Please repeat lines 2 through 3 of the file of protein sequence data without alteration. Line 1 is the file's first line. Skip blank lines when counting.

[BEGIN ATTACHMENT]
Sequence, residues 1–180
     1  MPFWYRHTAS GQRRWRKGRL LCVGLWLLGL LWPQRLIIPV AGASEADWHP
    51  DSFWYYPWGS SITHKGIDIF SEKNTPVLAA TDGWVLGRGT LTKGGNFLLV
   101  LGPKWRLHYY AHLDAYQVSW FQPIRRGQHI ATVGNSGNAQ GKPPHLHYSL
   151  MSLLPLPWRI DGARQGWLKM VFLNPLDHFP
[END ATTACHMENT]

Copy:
     1  MPFWYRHTAS GQRRWRKGRL LCVGLWLLGL LWPQRLIIPV AGASEADWHP
    51  DSFWYYPWGS SITHKGIDIF SEKNTPVLAA TDGWVLGRGT LTKGGNFLLV